Has the Prime Minister studied the article by his son-in-law in this morning's edition of The Times, in which he states that whatever the short-term advantages of the Government's package, in the longer term there is no hope of reconciling full employment with stable prices unless the Government cut public spending by £3,000 million this year? As the Prime Minister presumably would not accuse his own son-in-law of lack of patriotism, will he at least clearly understand why the rapture on the Opposition side of the House is so modified?
The Government's views on the question of public expenditure are well known. Clearly public expenditure must be kept within bounds—as we have done by our recent decisions. There is a question that appeals to all of us on the Government side of the House—and, I hope, to some on the Opposition side—namely, that there must be priorities in public expenditure. That is what we are actively endeavouring to ensure in the policies that we are following.
Will my right hon. Friend reconsider the statement that he has just made—that public expenditure must remain within bounds? What on earth does he mean by that, when the country is now faced with mounting unemployment and we all know that the only way in which the Government will get a quick return to a full employment strategy is by making much more of our public resources available for this purpose?
No, Sir. I do not think that that analysis is correct, either. I look to neither the extreme Right nor the extreme Left in order to get a fair appreciation of these matters. What is happening at present is that Government expenditure, which is, of course, to a large extent—
That was not quite what I was about to say. I was about to say that it is based on the need to provide the necessary social infrastructure upon which our industrial system can depend. Because of that, I think it would be foolish to talk about large-scale cuts in public expenditure. What is much more important is that we should increase the rate of gross domestic production so that we can finance these needs out of the increase.
Does my right hon. Friend agree that when he is considering economic policy—and much has been said this week about the TUC and its responsibilities—he ought also to take into account the demands of the TUC for selective import controls, which would give a boost to employment in Britain?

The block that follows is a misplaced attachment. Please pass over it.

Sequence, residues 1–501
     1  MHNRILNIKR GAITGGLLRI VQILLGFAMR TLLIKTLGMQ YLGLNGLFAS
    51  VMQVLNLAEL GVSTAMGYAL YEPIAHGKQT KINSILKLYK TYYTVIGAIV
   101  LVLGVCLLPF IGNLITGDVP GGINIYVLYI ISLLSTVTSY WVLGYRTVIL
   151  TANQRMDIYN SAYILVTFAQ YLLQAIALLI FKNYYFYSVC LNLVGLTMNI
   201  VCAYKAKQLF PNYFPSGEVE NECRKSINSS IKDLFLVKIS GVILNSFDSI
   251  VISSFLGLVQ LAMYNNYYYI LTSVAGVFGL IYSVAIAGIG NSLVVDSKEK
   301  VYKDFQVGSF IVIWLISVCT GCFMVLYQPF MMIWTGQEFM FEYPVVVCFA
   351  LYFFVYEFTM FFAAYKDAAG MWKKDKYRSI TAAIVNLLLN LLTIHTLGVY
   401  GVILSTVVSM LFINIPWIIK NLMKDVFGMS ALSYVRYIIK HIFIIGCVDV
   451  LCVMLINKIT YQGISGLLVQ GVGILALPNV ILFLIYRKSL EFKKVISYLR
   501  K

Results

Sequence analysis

I have discovered in about six weeks—or is it five weeks?—that there is no limit to the number of repetitive replies that a Prime Minister is expected to make.
I shall try once again. The Government have no ideological objection to selective import controls if they will rescue an industry from a situation in which it would be closed down, when in other circumstances it could be viable. However, in the case of general import controls, to which my hon. Friend did not refer, we do not believe that this is the best way to expand world trade, especially as Britain is such a large trader.
Is the Prime Minister aware that we welcome the fact that both he and the TUC have now recognised that the economic policies on which he fought the last two General Elections have proved disastrous for Britain? When will he learn the second lesson of the last two years—that borrowing must be cut and incentives must be restored if we are to stop getting poorer and start getting richer?
I find those remarks a little hard to take, when I remember that we came to power in the middle of a three-clay working week, which was brought about by the total incapacity of the Conservative Party to understand how industrial relations in Britain should be run, although the Conservatives were warned time after time, both publicly and privately, of their folly and of the catastrophe to which their policies would lead them. We reversed that policy. That is why, for two years running, we have secured the strongest bastion of all against inflation—that is a voluntary pay policy. [Interruption.] The House has got very bad tempered since the days when I used to listen to replies. I do not complain, but I must say that I should have thought that on the whole it was better to listen to answers.
In conclusion, I want to say that the overcoming of inflation is a national interest, and that it is something in which, now and again, I look to the Leader of the Opposition to support me.
I can well understand that the Leader of the Opposition prefers to divert attention from the reality of the situation. This country has this week won a battle against inflation, but we have not yet won the war. I hope that the right hon. Lady will cease to think about General Elections until that war is won.
On a point of order, Mr. Speaker. I seek your guidance. The hon. Member for Kingston-upon-Thames (Mr. Lamont), in his supplementary question, referred to my right hon. Friend's relative. I hope that that habit will be deplored. Most hon. Members have relatives who play independent rôles in public life. I suggest that it is an infringement of their liberty, as well as of ours, to refer to them. If this habit is not against the rules of the House, it is certainly to be deplored and, I hope, avoided.